Kony 2012: IHL 2.0: Is There a Role for Social Media in Monitoring and Enforcement?
[Anne Herzberg is the Legal Advisor at NGO Monitor, a Jerusalem-based research institution. Her post is based on a forthcoming paper (2012), presented at the “Old Laws, New Technologies Conference” sponsored by the Hebrew University Minerva Center for Human Rights and the ICRC (early draft here). Anne is the co-author of Best Practices for Human Rights and Humanitarian NGO Fact-finding (Nijhoff 2012).]
Many have commented on the role of social media in facilitating the organized uprisings of the “Arab Spring”. A lesser discussed aspect of those events is the astonishing access social media has provided us to armed conflict in real time. Within minutes of Mohamar Qaddafi’s capture and subsequent killing on October 20, 2011, for instance, images of the event recorded on cell phones were transmitted around the world via social media platforms. These graphic, yet unverified, scenes were widely disseminated even before Qaddafi’s death was confirmed, and immediately sparked an international debate regarding the circumstances and legality of his killing.
Social media can be a powerful tool, focusing worldwide attention on armed conflict and international humanitarian law (IHL); and it can facilitate greater scrutiny of the battlefield. Due to its scale and the ability to easily and exponentially reproduce information (as we saw with the massive viewership of the Kony2012 video), social media is useful for quickly and efficiently publicizing events and information which can be used to generate public interest, to bolster advocacy campaigns, and to educate about the law.
One emerging social media tool increasingly used during armed conflict and promoted as a new way to “enforce” violations of IHL is “crisis mapping”. It is interesting to note that the NGO Invisible Children (creators of Kony2012) were also one of the early adopters of this technology through their LRA Crisis Tracker website.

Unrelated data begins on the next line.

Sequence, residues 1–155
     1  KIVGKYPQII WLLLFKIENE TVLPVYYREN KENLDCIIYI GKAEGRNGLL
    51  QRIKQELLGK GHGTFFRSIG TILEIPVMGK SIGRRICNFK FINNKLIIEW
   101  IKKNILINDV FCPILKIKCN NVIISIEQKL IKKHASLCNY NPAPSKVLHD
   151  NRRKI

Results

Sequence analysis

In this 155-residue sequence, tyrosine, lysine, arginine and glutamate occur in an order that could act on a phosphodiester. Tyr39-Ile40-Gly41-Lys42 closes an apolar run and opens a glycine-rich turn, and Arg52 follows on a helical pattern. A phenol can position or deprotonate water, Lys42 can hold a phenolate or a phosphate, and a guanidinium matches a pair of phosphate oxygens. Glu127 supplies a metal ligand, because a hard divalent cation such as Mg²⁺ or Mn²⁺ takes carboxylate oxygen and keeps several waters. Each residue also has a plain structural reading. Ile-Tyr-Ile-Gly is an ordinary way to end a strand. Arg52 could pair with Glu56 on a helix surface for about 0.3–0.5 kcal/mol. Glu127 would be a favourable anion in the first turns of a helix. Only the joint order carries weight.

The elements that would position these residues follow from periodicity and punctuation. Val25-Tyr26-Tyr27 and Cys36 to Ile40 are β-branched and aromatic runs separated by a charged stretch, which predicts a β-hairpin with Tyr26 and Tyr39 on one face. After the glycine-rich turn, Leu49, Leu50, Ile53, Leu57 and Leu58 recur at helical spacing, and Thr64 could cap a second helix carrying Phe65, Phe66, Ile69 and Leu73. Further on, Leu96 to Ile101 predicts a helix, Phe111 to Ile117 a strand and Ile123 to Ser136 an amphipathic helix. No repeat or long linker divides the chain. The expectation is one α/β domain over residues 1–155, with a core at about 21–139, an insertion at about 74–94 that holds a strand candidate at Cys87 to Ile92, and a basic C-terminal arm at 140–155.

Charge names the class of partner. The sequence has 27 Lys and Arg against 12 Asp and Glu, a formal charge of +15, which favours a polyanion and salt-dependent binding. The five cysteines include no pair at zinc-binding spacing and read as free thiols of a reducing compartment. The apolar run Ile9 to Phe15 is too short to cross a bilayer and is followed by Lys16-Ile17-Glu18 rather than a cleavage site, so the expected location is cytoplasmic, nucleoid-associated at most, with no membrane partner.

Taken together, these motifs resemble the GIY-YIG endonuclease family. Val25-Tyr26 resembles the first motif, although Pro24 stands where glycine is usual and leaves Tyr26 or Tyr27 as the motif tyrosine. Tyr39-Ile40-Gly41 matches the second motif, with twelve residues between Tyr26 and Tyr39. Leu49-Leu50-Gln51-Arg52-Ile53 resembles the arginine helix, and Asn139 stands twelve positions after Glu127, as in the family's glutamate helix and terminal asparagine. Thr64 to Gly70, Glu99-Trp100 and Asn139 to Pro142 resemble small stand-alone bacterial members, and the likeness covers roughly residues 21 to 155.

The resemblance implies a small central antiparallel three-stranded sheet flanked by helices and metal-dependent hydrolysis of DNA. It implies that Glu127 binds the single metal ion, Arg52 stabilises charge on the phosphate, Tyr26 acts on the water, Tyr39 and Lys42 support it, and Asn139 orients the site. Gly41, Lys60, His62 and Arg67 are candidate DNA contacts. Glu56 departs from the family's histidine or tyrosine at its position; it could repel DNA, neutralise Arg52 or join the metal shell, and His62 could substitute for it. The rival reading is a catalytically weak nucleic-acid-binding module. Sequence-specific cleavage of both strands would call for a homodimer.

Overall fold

Crisis mapping utilizes crowdsourcing data (via SMS and email) and satellite imagery superimposed on maps to create a visual representation of an area in conflict. These maps can pinpoint incidents of violence and potential IHL violations, as well as the location of refugees and displaced persons. These maps can serve as an early warning mechanism as well as to coordinate humanitarian response. They are created with the intention of serving a monitoring function, but also have the goal that the data collected can play a key role in judicial enforcement of IHL. Amnesty International’s “Eyes on Darfur” project, advertised that its objective was “to provide unimpeachable evidence of the atrocities being committed in Darfur – enabling action by private citizens, policy makers and international courts.”
Ushahidi is probably the best known crisis mapping platform while Invisible Children’s LRA Crisis Tracker is one of the more sophisticated. It tracks incidents of violence committed by the Lord’s Resistance Army in Uganda with the aim of providing information to policy makers and humanitarian agencies, as well as sending out alerts of attacks to the public. The site bases its data on incident reports collected from the “Invisible Children’s Early Warning Radio Network, UN agencies and local NGOs.”
The premise of the Kony2012 video, along with crisis mapping and other forms of social media, was that these new technologies can be used to have a concrete impact on the judicial enforcement of IHL. While this media can play an important role in advocacy campaigns and be used for monitoring compliance with IHL, its utility for actual enforcement of IHL and punishing violators is less clear.
Social media can be harnessed by NGOs and other activists, yet it can also unfortunately, be exploited by repressive regimes which may seek to block access or harass users. In November 2011, for instance, Congolese authorities banned the use of SMS messaging and other access to social media networks via mobile phones, ostensibly in order to control protests against the outcome of elections. This action removed a vital form of communication for civilians where SMS is often used as an alert system to rebel activity. Deaf Congolese were particularly hard hit by the ban, leaving them even more vulnerable to potential violence.